Crystalline powder of SHF were analyzed by a Bruker D8 series x-ray diffractometer (XRD) using Cu Kα (λ= 1.5418 Å) radiation in 2θ ranging from 20 to 70 . The microstructure of the fracture surface of each sample was observed under a JEOL-JSM IT-300 scanning electron microscope (SEM). The magnetic properties were evaluated by a Magnet Physik Permagraph. Determination of mean crystallite size was evaluated from Williamson-Hall plot (W-H plot) [25]. All un-overlapping peaks of high diffraction angle were taken into account for a W-H plot.

3. Results and Discussion

Phase study and mean crystallite size determintaion

fig-2.jpg
Figure 2
XRD curve of SrO.6Fe 2 O 3 synthesized by mecahnical milling method.

Fig. 2 shows a plot of x-ray diffraction pattern of a sample A and that of samples B in Fig. 3. All diffraction peaks of XRD patterns in the two figures were successfully identified and indexed as the phase constitution sample materials. The patterns in Fig. 2 and 3 are in a good agreement with the hexagonal structure of M-type SrO.6Fe 2 O 3 referred to ICSD Ref. code. 98-004-3603 (PANalytical` X`Pert HighScore Report). It is confirmed that both samples A and B is a single-phase material with SrO.6Fe 2 O 3 the only phase present.

fig-3.jpg
Figure 3
XRD curve of SrO.6Fe 2 O 3 synthesized by ultrasonic process.

The mean crystallite size which evaluated from the W-H plots of the two samples has resulted in sizes of 25 nm for sample A and 13 nm for sample B. Hence, the two samples consisted of nanocrystalline grains with only slightly different in mean crystallite size. The ultrasonic treatment has succeeded reducing the mean crystallite size of mechanically alloyed powder. When the ultrasonic irradiation is long enough, the monocrystalline particles could be obtained [26]. Palomino has reported that monocrystalline particles of SHF can be obtained after ultrasonic irradiation process for 1 hour [27]. It is worthy to note that sintering at a high temperature for samples A and B, the mean crystallite size is remaining small still fall in the nanometer regime. Hence, there has been no crystallites growth taken place in both samples due to high temperature sintering treatment. Samples of magnetic crystals with such ultra-fine size in the nanometer regime must be undergo grain exchange interaction effects. For SHF, the exchange length is 40 nm [28] which larger than that of mean diameter of magnetic crystals in the sample A and sample B.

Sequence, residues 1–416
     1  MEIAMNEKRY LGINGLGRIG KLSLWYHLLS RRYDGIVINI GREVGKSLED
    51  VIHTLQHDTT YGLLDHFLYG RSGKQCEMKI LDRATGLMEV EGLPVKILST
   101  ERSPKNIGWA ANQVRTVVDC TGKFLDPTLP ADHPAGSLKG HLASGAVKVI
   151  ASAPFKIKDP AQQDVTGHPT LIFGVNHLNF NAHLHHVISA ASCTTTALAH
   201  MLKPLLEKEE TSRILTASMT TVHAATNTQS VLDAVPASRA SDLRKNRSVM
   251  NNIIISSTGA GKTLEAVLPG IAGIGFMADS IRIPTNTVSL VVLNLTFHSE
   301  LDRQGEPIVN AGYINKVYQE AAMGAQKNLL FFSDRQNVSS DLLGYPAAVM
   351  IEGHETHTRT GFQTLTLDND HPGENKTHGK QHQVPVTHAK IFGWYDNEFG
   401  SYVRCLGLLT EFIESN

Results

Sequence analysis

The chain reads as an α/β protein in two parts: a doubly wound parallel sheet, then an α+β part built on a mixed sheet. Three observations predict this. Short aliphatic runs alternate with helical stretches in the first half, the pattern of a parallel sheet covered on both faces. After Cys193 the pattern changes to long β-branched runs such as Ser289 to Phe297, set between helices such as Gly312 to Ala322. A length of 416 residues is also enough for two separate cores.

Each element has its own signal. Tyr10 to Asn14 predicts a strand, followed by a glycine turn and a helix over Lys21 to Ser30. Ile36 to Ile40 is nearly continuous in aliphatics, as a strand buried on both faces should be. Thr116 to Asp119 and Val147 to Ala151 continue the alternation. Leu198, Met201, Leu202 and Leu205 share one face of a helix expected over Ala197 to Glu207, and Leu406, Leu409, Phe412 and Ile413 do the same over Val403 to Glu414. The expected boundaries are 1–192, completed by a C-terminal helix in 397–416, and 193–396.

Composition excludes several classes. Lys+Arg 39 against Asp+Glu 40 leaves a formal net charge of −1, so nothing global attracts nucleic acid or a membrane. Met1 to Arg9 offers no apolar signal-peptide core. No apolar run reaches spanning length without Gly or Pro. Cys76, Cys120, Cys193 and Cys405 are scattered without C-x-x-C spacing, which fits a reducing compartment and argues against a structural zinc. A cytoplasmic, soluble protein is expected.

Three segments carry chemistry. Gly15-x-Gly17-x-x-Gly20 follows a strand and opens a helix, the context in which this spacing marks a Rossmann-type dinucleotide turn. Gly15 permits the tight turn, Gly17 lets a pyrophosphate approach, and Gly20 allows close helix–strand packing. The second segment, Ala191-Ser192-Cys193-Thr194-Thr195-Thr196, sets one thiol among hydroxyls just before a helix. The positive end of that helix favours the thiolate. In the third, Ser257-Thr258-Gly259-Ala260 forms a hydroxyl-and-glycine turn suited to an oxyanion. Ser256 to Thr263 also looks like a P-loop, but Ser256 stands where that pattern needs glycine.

Microstructures observation

Micrograph that shown in Fig. 4 represents the fracture surface of (a) sample A, (b) sample B and (c) sample C. The image shows in Fig. 4a and 4b are clusters of crystallite instead of the crystallites itself since the crystallite size referring to results of W-H plots is much finer than those visually seen in micrographs of Fig. 4. Visually, micrograph that showed in Fig. 4b is much compact and clusters appear much more crowded when compared with that of shown in Fig. 4a. Effect of ultrasonic treatment to the crystalline powder has improved the connectivity among the clusters. Referring to mass density evaluation, the density of samples A and B is respectively 4.73 gr/cc and 5.00 gr/cc. Hence, better cluster connectivity was obtained after ultrasonic treatment. In contrary, the micrograph in Fig. 4c appears in a very much different morphology in which grains and clusters of grain are already coated by a binder material. The magnetic clusters must be already separated by a nonmagnetic binder. Which such microstructure there is no grain exchange interaction effects might have occurred effectively in the sample C.